New ideas for Town Center

The focus of the Town Center plan is shifting.

Frank Elmer and Andy Taylor of the design firm Lincoln Street Studios, presented the updated plan at the Nov. 3 Grove City Council meeting.

Taylor said the main street approach has changed as there is not "a lot of retail opportunity" in the area. Instead they are going for a mixed-use development where people can live, work, shop and play.

Elmer said he envisions the future downtown area as something similar to the Short North, where people from all over central Ohio go for a night out or just to walk around.

"It (the Town Center) is almost a great urban neighborhood," said Elmer. "The problem is there are not enough people who live here."

Taylor outlined the Town Center’s strengths and weaknesses, along with opportunities.
He said the strengths include on and off-street parking and residents in the area earn above county average income. The weaknesses lie in the retail.

"The businesses show signs of eventual failure," said Taylor.

He said there is only about 90,000 square feet of retail space in the Town Center and merchants are spending about $250,000 a year to advertise.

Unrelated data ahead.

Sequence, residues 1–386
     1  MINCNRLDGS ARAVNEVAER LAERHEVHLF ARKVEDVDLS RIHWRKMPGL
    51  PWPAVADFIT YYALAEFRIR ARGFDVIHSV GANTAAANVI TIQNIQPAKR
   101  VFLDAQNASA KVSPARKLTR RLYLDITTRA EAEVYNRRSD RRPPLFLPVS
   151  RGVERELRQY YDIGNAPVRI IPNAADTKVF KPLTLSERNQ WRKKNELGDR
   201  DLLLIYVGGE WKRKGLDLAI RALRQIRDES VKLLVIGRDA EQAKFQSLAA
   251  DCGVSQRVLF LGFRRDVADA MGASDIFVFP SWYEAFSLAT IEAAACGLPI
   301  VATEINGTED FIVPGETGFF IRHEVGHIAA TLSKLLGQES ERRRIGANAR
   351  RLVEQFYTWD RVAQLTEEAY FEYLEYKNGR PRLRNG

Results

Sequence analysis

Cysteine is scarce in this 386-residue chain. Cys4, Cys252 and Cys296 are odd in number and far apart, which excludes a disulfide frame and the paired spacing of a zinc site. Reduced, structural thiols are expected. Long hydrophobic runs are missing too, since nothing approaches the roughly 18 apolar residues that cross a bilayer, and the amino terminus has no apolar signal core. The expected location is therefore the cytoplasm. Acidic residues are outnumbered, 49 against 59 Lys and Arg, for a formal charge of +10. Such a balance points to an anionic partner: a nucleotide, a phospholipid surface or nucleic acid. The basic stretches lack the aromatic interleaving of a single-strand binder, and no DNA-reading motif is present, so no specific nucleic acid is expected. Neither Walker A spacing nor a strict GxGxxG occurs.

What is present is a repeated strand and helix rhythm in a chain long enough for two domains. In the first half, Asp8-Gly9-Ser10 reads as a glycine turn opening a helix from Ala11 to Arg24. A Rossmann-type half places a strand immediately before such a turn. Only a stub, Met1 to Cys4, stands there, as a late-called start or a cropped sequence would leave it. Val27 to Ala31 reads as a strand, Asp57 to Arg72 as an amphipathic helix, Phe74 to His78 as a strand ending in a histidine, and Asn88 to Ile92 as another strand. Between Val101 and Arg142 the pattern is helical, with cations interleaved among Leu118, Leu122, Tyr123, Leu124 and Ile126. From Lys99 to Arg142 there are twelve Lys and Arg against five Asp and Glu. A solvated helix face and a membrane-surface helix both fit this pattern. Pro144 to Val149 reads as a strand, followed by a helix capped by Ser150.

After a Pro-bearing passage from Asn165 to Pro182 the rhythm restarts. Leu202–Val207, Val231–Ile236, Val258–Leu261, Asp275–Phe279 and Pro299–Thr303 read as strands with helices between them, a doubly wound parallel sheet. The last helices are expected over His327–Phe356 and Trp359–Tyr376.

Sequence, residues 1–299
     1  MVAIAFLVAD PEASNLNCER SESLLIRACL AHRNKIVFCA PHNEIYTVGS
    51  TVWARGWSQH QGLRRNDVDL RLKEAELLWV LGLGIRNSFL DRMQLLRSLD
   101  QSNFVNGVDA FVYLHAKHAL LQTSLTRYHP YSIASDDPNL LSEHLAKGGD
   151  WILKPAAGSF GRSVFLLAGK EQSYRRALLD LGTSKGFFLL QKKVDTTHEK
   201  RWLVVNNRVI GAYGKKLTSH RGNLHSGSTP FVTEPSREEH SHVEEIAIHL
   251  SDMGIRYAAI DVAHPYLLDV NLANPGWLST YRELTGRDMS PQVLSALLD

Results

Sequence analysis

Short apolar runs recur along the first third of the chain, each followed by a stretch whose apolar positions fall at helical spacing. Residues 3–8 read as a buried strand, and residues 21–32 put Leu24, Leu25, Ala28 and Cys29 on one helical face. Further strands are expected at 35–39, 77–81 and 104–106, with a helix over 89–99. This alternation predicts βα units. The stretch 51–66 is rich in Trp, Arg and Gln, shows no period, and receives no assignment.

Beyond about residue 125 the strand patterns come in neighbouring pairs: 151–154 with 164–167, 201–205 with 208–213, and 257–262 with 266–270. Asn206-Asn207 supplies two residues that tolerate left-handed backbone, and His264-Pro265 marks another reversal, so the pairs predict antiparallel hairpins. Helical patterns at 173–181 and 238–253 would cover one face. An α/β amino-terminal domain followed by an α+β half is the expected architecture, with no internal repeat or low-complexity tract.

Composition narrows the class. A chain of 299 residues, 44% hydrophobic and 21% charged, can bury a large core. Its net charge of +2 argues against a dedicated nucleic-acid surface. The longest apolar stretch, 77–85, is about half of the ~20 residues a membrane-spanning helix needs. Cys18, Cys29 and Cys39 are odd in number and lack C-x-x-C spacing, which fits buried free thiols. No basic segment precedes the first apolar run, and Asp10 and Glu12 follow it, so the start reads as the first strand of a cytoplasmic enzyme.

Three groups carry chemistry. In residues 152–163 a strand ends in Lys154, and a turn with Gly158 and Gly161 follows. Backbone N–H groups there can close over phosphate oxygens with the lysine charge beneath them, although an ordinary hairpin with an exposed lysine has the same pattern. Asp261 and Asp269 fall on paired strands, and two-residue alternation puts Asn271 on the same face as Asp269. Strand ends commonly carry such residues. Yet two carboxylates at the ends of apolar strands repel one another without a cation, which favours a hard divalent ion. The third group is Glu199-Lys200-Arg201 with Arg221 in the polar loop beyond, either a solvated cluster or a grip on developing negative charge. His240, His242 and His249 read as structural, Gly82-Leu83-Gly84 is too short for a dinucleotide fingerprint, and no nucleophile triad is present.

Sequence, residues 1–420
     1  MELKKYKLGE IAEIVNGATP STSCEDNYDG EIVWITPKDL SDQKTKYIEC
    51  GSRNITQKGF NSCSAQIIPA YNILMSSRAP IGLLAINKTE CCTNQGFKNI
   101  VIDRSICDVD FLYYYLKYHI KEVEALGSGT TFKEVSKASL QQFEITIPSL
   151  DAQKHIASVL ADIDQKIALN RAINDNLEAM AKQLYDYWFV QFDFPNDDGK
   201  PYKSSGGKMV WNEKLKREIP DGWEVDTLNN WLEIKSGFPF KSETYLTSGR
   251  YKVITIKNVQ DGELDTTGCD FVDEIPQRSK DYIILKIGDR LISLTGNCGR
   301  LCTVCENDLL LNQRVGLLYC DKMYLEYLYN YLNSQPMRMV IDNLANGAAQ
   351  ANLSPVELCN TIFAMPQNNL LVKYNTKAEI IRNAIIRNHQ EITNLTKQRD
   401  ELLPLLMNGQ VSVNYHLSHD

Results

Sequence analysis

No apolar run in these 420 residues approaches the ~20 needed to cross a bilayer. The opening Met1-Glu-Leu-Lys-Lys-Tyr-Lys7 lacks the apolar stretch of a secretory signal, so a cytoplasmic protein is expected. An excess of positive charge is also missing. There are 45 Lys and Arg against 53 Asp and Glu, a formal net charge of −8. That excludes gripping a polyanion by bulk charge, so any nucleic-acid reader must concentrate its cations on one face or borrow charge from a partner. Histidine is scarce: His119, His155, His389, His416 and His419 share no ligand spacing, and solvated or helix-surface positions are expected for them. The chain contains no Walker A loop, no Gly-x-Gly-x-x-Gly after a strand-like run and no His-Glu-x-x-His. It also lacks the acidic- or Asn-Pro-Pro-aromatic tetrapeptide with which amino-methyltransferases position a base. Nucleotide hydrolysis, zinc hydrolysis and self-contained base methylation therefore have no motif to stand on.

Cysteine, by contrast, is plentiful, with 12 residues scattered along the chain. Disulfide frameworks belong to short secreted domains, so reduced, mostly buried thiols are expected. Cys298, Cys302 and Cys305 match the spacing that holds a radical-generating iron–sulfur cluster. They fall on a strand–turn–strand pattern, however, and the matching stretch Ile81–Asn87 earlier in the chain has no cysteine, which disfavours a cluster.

Taylor also said the Grove City Library is a threat to the area because of its "inadequate facilities and limited parking." Their suggestion is to relocate the library into a larger facility that offers additional resources, parking and programs.

Though there are many problems in the revitalization effort, Taylor said there are ample opportunities. He said the Baby Boomers are ready to retire and they may be looking for a place to live, play and shop.

"The Town Center could really capitalize on that trend," said Taylor.

Elmer explained that in order to thrive, downtown Grove City needs to improve walkability and public parks. He said local parks should provide more than just green space; he suggested a human-sized chess board and a small water fountain.

Elmer said the area needs additional sidewalks, lighting, signage, trees and possibly a Broadway median. He also said new housing should be provided and suggested the trend of building homes on top of offices or retail space.

"This plan makes redevelopment that much more possible," said Elmer.

The construction cost for implementing a plan similar to this ranges from $6.9 million to $7.8 million. The estimated cost does not include land acquisition and is based on the current construction trends.

"This has been an ongoing process. It is time to start putting together the execution," said Grove City Mayor Ike Stage.

Council President Ted Berry asked Elmer and the city administration to put together an implementation strategy for council’s review. The city plans to coordinate another public meeting with Lincoln Street Studios sometime in November.

The Town Center plan is available at

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